CRF School Work Experience Student – July 2022

CRF School Work Experience Student – July 2022

"The week I won’t forget!!!"

My week in the Clinical Research Facility (CRF) was a brilliant experience, I was able to learn so much about the importance of a multi-disciplinary team in a hospital, especially how every role is important from a play specialist to a doctor!  

The week started with a quick but thorough safety introduction before I was introduced to the research nurse, who I was to follow for the morning; she was undertaking a study about DMD (Duchenne muscular dystrophy), and I was able to shadow her while she was assessing a young boy to make sure everything was stable while he was trailing this new form of treatment for DMD.  

I was shown how all the results and data is documented and I learnt how important it is to document all the information properly and precisely.   You must stick to the protocol as it is vital, otherwise the results could be void.  In the afternoon I was introduced to the rest of the team, and I learnt some of their roles and what they do on a day-to-day basis.
The next day I was introduced to the Play specialist, I had a long conversation with her about learning the importance of how to cater for the specific needs of a patient.  This involved communication, soft skills and how they are vital to having a successful and positive interaction with a patient, to minimise any trauma that may be caused as the patient’s wellbeing comes before everything. 

In that afternoon I was able to observe a study called “take it EZ” where I was able to witness first-hand how to observe patients; take consent and how randomisation works in a study.  I was lucky enough to take part in the study as there was an empty slot, this allowed me to see both sides of the study, as I had to read the Information booklet; sign a consent form and physically take part in the study myself.  This all allowed me to understand how important it is to brief the patient and make the study as pleasant as possible as I have now experienced both sides of the coin and learned how important it is to properly inform patients of the risks and benefits of going into a study.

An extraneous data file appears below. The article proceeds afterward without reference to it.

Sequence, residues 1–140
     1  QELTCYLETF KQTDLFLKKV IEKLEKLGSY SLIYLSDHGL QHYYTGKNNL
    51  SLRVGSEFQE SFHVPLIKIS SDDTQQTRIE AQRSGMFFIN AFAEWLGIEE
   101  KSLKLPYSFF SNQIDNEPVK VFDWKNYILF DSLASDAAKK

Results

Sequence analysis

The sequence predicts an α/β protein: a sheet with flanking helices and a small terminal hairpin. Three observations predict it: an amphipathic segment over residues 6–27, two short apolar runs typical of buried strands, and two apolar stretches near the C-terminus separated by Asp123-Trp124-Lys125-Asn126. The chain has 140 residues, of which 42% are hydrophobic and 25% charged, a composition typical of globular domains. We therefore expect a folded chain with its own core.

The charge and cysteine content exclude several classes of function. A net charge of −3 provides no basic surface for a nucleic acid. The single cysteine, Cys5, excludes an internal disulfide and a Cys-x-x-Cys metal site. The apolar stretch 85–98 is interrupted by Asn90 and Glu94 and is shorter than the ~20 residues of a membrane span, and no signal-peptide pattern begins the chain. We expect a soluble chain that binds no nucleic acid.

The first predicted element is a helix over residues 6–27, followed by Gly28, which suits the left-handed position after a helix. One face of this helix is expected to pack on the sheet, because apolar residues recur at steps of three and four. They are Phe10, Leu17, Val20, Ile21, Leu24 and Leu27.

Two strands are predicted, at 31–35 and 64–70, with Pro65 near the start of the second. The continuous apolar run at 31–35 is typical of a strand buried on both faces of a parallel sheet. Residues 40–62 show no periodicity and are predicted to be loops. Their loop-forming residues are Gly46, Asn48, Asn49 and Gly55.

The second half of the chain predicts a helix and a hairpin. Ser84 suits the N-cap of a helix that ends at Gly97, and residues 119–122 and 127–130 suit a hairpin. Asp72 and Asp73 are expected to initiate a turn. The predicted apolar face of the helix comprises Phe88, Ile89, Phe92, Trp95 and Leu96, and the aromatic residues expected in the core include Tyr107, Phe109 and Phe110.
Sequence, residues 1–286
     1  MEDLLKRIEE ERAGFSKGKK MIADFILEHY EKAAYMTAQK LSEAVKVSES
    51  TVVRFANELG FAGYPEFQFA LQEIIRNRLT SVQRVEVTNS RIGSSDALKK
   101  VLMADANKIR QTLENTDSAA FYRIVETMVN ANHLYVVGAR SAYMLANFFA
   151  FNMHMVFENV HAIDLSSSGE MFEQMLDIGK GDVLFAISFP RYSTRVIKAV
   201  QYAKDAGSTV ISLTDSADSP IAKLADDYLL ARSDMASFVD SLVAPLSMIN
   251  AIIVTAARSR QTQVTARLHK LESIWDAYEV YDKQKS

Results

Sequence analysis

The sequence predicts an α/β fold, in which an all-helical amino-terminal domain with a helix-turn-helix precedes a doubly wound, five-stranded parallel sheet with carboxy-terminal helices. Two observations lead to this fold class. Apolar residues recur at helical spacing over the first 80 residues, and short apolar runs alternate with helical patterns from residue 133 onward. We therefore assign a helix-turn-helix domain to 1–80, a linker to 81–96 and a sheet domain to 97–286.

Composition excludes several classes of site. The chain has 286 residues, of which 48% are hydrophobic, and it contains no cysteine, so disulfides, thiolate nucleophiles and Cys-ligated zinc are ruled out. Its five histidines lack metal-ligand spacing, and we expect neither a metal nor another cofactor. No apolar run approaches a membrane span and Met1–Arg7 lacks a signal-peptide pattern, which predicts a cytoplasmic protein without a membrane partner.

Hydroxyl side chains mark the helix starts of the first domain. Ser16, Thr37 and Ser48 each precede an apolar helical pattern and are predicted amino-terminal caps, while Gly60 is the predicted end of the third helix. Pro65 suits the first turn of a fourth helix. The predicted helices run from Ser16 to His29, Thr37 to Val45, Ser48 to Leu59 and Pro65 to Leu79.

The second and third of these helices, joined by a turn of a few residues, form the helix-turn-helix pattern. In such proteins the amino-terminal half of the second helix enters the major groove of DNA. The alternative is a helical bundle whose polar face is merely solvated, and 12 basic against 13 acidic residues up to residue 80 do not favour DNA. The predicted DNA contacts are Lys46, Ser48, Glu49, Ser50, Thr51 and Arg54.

Later throughout the week I was fortunate enough to speak to current medical students and learn about their experiences and how they got to where they are now, they were able to help guide me on possible careers in medicine for the future and how I could get there.  I was also very lucky to go to the research building that is ran by Liverpool University and talk to staff who work there about the other side of the studies with all the paperwork and administration that goes on in the background.

Coming to the end of the week I was taken on a tour of the labs learning how interconnected the hospital is, with tubes all around the hospital going to the lab allowing the nurses and doctors to stay in the ward treating patients rather then spending valuable time taking blood samples etc to the labs and back, I was also shown how different samples are analysed and the hundreds of different machines in the labs that allow them to be analysed, including machines that were used and still are used to test for covid-19.  On the Thursday afternoon I was also shown the role of the pharmacist and I learnt about how some drugs are made on site and some must be ordered in especially in the CRF with drugs that aren’t licensed for use outside of a specific study yet.  I was also taken around the whole hospital with the pharmacist and shown how important it is to keep track of all the drugs in the hospital and that they are stored correctly so that the hospital can run smoothly.  

Finally, I was shown the innovative lab this was a place in the hospital where new technology was being designed and tested so it could be used practically in the hospital things like VR headsets, AR headsets and even 3D printers!  I felt like I was in the future it was surreal and to my astonishment I was told a lot of it was already in use in the hospital! This taught me how important it is to work with and adapt to new technology in medicine and how much it can assist and help health care professionals in the future.

To sum it all up - I learnt that medicine is always changing and adapting and how important research is whether its researching new drugs, treatments, or technology!!!  Another major thing I learned was how much doctors, nurses and everyone who is part of that multi-disciplinary team in the hospital works and how many different roles there are in a hospital.  I would like to thank everyone who was part of my work experience and how they have really helped me develop as a person and reinforce my goal of going into medicine in the future, I would also like to say how grateful I am for it.

Sebastian Jackson

Alder Hey Children's Charity
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Alder Hey Children's Charity